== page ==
By Casey Muratori
I wanted to end the grass series with a little introduction to the concept of interpolation, for those programmers out there who perhaps haven’t been exposed to the basics. I spent a good deal of time trying to type out an article, but it just didn’t work. There’s too much stuff to talk about, even if I leave a lot out, and it’s too hard to emphasize the important parts when I can’t easily point at parts of diagrams.
So, I tried a different approach, and recorded a video of me drawing everything out on my notebook. The first one was ridiculously long, so I recorded a second one that was greatly abridged, and I talked very quickly. It’s an experiment, but in both cases I was able to get a lot more across than I could with text. It’s still a bit long, but you could, you know, um… watch it in parts?
I was trying to keep the video to an hour, so I ran out of time to talk about the second interpolation case in the grass code, which was bitmap interpolation. This is just bilinear interpolation, so I was going to show how bilinear interpolation is just applying the b(t) function three times, and how it boils down to the same weighted sum equation as well. Nothing particularly interesting, but I would have liked to have gone fast enough to get that in there so it could just reinforce the notion that this equation is everywhere.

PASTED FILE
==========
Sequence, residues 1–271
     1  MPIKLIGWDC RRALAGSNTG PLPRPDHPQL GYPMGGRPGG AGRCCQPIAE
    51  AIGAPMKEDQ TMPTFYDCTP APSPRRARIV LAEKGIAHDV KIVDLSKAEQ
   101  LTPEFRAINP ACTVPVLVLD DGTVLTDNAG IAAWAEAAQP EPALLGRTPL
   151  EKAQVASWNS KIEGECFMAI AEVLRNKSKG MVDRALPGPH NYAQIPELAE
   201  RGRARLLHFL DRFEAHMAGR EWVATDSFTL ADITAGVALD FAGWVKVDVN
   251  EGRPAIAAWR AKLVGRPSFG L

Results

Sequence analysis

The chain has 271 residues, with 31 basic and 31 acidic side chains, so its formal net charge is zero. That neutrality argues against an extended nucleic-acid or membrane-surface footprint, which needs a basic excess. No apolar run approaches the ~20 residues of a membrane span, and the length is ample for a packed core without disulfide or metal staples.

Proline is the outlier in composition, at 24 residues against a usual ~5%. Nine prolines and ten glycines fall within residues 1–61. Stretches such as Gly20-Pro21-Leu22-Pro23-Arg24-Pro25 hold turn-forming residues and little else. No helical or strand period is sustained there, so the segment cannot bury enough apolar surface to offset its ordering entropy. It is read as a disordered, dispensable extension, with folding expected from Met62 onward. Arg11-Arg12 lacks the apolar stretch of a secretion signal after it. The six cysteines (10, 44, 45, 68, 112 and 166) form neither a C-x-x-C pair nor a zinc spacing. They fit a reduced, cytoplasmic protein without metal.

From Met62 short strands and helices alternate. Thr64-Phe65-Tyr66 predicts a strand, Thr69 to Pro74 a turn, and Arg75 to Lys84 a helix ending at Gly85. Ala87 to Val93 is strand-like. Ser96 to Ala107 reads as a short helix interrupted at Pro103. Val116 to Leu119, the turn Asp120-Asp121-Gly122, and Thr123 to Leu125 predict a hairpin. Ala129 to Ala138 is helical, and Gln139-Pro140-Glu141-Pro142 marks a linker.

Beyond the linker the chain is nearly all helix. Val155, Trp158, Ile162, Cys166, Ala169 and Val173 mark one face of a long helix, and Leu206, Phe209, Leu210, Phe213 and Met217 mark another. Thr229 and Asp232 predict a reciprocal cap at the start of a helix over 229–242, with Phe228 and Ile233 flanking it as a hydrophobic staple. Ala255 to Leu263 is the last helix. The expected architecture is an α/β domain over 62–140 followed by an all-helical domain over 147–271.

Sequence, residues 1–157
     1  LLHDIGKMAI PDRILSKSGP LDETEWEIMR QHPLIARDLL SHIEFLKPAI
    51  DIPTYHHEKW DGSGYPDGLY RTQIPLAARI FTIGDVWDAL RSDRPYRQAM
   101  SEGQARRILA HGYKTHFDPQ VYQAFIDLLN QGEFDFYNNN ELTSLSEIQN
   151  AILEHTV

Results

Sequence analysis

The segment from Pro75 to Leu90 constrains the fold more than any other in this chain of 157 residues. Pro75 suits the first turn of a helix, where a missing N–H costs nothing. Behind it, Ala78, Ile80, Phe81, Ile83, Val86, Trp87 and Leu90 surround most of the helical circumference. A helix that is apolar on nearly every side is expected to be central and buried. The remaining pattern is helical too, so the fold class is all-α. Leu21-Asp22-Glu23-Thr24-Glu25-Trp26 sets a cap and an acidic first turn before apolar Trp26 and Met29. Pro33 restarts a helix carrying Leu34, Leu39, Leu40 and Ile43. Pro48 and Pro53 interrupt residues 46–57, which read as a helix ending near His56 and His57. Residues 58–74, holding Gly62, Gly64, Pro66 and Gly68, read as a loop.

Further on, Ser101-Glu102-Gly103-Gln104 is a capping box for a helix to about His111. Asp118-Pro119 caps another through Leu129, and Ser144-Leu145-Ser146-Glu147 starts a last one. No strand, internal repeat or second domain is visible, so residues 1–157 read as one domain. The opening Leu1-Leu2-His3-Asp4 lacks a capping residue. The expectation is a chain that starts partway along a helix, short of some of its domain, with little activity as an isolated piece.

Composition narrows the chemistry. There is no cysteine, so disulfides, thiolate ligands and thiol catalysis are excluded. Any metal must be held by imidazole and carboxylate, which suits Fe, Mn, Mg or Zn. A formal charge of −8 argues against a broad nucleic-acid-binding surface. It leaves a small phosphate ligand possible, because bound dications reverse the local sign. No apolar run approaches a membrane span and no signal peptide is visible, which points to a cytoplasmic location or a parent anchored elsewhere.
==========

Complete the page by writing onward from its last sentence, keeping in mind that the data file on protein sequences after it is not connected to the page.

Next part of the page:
Similarly, in the abridged version, I didn’t talk about how there are multiple degrees of Bezier curves, and how you can construct other ones (quadratic, etc.) by doing the exact same pyramid method just by adding or removing rows of the pyramid. Hopefully it’s straightforward to see how to do that.
For quick reference, here are the related Wikipedia pages:
Barycentric coordinates, so you can read about how these are used
Bezier curves  —  has some nice animations, unfortunately doesn’t ever draw the pyramids
Bilinear blending  —  like Beziers, it’s built from repeated linear blends
Anyway, despite the fact that I don’t really have a proper set up, I like how the video came out, and I think, with practice, I could do some nice tutorials like this that might be useful to people. I think with more practice I could structure them so that they were less sprawling. Let me know what you think! There are a lot of things I wouldn’t have the time to do properly in article format (unrelated to The Witness, just general programming things) that I could easily do in this format, so if people actually find it useful, I’d try to record some more after Witness Wednesdays wrap up.
And speaking of Witness Wednesdays, now that I’ve finished the series on grass, it is time for a new topic: code. Yes, just code. One of the things I did while working on The Witness was to put a new entity listing panel in the editor, and I think it would make a good case study for how to put a lot of features into something quickly and without a lot of code. So check back next Wednesday, when I’ll start walking through how I went about writing it, and show a lot of examples of how I structured the code so it could be built quickly without becoming excessively janky.
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